- The Washington Times - Wednesday, May 10, 2006

Nearly three months ago, Sen. Chuck Schumer led the charge against Dubai Ports World. We shared his worries that a Dubai firm running U.S. ports might be more easily infiltrated by al Qaeda or other terrorists. But now Mr. Schumer wants to outsource cargo screening to the very same company.

Mr. Schumer might not even fully know what he has proposed. In a failed amendment to the emergency-spending bill, Mr. Schumer tried to force all ports participating in the Container Security Initiative — that’s more than 40 of the world’s busiest ports including Singapore, Rotterdam and Tokyo, among others — to model their cargo-screening systems after Hong Kong’s if they want to keep sending cargo to the United States. Beyond its bullying unilateralism, this would have ended up handing much of the country’s foreign-cargo screening records to Dubai Ports World.

Hong Kong’s new system — though innovative and worthy of study — is criticized by industry insiders as “vendor-driven.” That means that private firms handle the screening records. And it happens that the emerging private “vendor” on the world scene is Dubai Ports World. Since its recent acquisition of CSX Corp.’s terminals businesses in China, Australia, Germany and elsewhere, Dubai Ports World has literally expanded all over the world.

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So if Mr. Schumer had his way, the same company that he helped bounce from American ports would be handling our cargo-screening records just about everywhere else. How ironic.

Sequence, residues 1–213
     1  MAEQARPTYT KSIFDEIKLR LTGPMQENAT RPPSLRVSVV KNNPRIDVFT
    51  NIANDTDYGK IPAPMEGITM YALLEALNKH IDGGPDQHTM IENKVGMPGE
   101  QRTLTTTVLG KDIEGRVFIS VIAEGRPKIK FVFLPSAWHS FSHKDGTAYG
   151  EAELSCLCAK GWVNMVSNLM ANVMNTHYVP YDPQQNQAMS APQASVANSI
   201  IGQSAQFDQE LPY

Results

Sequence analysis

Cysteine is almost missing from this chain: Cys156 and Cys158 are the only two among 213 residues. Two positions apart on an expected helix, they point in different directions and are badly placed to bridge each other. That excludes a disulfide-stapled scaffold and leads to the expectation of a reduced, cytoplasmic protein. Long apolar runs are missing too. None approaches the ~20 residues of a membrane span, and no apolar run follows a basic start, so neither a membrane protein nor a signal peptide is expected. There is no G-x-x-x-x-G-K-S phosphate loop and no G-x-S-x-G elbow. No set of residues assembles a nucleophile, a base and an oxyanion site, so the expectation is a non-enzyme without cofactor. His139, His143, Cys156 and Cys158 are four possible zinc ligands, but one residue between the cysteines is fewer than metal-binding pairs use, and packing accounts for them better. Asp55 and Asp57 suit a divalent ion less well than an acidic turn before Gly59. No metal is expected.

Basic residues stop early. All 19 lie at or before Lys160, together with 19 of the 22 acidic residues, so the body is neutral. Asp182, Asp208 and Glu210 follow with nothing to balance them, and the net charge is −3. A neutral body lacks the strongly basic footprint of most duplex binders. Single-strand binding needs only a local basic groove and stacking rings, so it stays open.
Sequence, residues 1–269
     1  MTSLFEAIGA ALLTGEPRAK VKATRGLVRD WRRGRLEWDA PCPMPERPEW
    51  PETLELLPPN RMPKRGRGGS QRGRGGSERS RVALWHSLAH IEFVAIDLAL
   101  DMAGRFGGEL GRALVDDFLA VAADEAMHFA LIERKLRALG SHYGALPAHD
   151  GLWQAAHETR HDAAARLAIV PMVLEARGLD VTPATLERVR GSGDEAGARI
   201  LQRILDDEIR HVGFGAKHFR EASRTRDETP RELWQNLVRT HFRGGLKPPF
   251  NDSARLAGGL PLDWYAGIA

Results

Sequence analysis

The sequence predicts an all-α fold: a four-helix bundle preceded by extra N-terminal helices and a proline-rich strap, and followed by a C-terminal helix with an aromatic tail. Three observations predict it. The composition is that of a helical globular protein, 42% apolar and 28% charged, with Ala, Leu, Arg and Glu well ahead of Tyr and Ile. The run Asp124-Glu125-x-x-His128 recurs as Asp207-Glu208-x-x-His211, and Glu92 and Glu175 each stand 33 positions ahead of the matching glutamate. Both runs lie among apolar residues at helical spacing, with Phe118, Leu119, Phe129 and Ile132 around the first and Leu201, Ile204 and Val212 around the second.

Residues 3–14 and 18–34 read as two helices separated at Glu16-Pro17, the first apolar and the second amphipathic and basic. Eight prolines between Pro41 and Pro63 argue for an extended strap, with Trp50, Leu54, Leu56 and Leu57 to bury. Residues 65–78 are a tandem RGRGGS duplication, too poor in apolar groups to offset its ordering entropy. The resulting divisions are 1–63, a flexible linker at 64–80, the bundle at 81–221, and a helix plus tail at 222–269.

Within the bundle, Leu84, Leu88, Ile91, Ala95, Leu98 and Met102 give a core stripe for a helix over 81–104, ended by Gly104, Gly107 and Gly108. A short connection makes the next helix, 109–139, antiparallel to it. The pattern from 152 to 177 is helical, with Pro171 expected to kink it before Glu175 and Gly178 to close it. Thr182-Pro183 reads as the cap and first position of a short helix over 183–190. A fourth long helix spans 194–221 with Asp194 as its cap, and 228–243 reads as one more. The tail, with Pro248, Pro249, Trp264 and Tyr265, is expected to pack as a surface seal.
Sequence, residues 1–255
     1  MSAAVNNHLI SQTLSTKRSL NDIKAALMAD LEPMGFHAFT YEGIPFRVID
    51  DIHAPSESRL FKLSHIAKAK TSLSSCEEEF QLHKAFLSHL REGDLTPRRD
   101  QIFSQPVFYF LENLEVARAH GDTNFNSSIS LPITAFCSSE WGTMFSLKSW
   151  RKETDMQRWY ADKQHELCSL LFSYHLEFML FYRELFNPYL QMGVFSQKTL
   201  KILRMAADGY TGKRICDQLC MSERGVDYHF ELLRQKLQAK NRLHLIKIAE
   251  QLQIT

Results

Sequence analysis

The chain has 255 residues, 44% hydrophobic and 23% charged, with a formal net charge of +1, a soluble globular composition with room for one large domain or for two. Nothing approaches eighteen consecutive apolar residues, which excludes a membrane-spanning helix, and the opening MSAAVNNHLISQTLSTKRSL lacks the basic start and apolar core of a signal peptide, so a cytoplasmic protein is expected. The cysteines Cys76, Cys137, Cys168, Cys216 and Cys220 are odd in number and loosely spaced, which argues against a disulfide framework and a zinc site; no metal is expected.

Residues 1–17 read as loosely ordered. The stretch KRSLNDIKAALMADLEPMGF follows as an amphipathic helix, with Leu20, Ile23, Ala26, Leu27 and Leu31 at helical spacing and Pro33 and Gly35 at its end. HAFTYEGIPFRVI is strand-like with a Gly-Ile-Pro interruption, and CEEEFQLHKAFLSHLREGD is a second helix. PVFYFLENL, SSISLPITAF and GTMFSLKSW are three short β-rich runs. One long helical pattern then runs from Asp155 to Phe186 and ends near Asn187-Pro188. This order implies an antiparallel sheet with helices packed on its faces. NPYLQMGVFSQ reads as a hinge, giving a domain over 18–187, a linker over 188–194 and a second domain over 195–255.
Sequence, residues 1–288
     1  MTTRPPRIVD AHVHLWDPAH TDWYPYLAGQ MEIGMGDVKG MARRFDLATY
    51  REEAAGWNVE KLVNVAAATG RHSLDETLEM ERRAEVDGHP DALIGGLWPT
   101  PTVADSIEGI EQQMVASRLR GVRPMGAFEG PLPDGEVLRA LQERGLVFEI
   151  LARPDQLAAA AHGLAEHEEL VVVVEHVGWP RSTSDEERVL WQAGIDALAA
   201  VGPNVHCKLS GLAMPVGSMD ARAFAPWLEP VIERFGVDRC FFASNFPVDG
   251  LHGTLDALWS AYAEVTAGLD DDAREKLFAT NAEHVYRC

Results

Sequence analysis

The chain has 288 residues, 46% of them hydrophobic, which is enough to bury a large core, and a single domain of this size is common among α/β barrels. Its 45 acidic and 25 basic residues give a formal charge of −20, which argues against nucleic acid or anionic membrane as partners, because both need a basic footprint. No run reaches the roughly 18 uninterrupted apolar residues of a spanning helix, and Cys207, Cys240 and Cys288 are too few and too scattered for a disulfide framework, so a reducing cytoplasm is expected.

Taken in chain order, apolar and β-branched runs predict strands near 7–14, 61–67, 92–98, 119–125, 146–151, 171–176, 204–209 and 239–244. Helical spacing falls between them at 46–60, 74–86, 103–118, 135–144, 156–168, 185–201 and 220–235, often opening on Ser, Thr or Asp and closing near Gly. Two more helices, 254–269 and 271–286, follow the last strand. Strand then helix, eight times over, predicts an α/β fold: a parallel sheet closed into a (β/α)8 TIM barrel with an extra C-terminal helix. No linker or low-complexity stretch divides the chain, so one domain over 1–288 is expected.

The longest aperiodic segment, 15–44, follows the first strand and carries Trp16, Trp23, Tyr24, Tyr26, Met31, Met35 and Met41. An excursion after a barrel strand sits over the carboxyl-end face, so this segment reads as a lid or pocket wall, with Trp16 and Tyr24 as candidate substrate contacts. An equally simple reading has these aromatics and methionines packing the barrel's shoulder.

It’s not just Dubai Ports World, either. Mr. Schumer’s proposal would also have made Hutchison Whampoa — a Chinese firm with close ties to Beijing — eligible for the same function. Hutchison, the CIA once worried, “could provide a conduit for illegal shipments of technology or prohibited items from the West to the [People’s Republic of China], or facilitate the movement of arms and other prohibited items into the Americas.”

Some Republicans worry that Mr. Schumer might try to insert this language into other legislation. Key targets might be the Senate’s port-security bills, including the one spearheaded by Sens. Ted Stevens and Daniel Inouye. The other possibility is that Mr. Schumer might try to insert it into an unrelated bill, as he did recently.

For Republicans, this is a case where security and good politics align perfectly. Security requires lawmakers to stop the furtive and potentially damaging insertion of a terrible idea into coming legislation. Politics requires that conservatives thwart a liberal demagogue like Mr. Schumer who could well be trying to blow up the heretofore successful Container Security Initiative. At minimum, Mr. Schumer is trying to make Republicans look weak on port security. So in this case, good policy and good politics coincide nicely. It’s time to put an end to Schuma-goguery.

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